One moment ...
Default project is now your active project.
Project items

Items saved from this article

This article has been saved
Highlights (0)
Some of your highlights are legacy items.

Highlights saved before July 30, 2012 will not be displayed on their respective source pages.

You can easily re-create the highlights by opening the book page or article, selecting the text, and clicking “Highlight.”

Citations (0)
Some of your citations are legacy items.

Any citation created before July 30, 2012 will labeled as a “Cited page.” New citations will be saved as cited passages, pages or articles.

We also added the ability to view new citations from your projects or the book or article where you created them.

Notes (0)
Bookmarks (0)

You have no saved items from this article

Project items include:
  • Saved book/article
  • Highlights
  • Quotes/citations
  • Notes
  • Bookmarks
Notes
Cite this article

Cited article

Style
Citations are available only to our active members.
Sign up now to cite pages or passages in MLA, APA and Chicago citation styles.

(Einhorn, 1992, p. 25)

(Einhorn 25)

1

1. Lois J. Einhorn, Abraham Lincoln, the Orator: Penetrating the Lincoln Legend (Westport, CT: Greenwood Press, 1992), 25, http://www.questia.com/read/27419298.

Cited article

Eastern Europe Struggles to Shed Vestiges of Soviet Dominance
Settings

Settings

Typeface
Text size Smaller Larger Reset View mode
Search within

Search within this article

Look up

Look up a word

  • Dictionary
  • Thesaurus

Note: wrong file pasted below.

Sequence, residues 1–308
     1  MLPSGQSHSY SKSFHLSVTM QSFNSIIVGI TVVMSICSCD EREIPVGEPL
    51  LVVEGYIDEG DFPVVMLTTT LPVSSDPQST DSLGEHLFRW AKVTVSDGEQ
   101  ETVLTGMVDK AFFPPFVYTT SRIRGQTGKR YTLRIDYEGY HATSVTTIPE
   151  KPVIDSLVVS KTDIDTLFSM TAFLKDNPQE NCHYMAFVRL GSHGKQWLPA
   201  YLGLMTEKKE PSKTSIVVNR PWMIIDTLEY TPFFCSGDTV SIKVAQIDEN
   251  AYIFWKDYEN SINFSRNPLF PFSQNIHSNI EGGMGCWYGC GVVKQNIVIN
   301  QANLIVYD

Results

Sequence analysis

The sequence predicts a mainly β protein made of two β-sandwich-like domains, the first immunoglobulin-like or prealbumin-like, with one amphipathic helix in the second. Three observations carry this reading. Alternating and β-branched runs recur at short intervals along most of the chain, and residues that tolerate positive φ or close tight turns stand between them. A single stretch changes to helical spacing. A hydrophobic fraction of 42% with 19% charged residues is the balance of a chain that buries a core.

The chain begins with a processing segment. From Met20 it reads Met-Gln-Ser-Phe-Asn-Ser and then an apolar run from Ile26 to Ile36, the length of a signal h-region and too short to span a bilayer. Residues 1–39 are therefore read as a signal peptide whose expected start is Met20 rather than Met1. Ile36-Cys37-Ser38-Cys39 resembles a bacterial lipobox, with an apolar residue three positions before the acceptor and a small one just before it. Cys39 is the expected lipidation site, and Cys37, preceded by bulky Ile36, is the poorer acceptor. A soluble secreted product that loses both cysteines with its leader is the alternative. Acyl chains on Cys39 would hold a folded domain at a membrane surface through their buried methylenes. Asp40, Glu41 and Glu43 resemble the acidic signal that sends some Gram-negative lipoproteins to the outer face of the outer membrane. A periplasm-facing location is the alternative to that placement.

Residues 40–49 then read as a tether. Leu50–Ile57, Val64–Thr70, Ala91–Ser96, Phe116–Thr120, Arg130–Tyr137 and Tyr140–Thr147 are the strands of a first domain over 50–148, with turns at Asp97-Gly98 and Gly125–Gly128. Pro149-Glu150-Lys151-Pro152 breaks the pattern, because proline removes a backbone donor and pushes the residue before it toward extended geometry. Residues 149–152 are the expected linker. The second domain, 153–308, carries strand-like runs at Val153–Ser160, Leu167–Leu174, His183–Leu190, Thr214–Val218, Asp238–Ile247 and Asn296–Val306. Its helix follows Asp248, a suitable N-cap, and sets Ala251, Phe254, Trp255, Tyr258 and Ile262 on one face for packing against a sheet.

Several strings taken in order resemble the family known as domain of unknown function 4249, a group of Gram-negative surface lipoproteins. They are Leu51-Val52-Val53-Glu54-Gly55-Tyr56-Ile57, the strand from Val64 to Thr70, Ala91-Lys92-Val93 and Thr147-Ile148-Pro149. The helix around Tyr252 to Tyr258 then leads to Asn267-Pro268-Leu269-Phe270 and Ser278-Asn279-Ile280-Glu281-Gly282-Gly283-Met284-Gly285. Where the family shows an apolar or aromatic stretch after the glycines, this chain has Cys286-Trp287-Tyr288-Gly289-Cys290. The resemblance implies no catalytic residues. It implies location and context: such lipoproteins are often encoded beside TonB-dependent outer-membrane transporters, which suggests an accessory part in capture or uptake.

Please submit a word or phrase above.
Print this page

Print this page

Why can't I print more than one page at a time?

Full screen

matching results for page

Cited passage

Style
Citations are available only to our active members.
Sign up now to cite pages or passages in MLA, APA and Chicago citation styles.

"Portraying himself as an honest, ordinary person helped Lincoln identify with his audiences." (Einhorn, 1992, p. 25).

"Portraying himself as an honest, ordinary person helped Lincoln identify with his audiences." (Einhorn 25)

"Portraying himself as an honest, ordinary person helped Lincoln identify with his audiences."1

1. Lois J. Einhorn, Abraham Lincoln, the Orator: Penetrating the Lincoln Legend (Westport, CT: Greenwood Press, 1992), 25, http://www.questia.com/read/27419298.

Cited passage

Welcome to the new Questia Reader

The Questia Reader has been updated to provide you with an even better online reading experience.  It is now 100% Responsive, which means you can read our books and articles on any sized device you wish.  All of your favorite tools like notes, highlights, and citations are still here, but the way you select text has been updated to be easier to use, especially on touchscreen devices.  Here's how:

1. Click or tap the first word you want to select.
2. Click or tap the last word you want to select.

OK, got it!

Thanks for trying Questia!

Please continue trying out our research tools, but please note, full functionality is available only to our active members.

Your work will be lost once you leave this Web page.

For full access in an ad-free environment, sign up now for a FREE, 1-day trial.

Already a member? Log in now.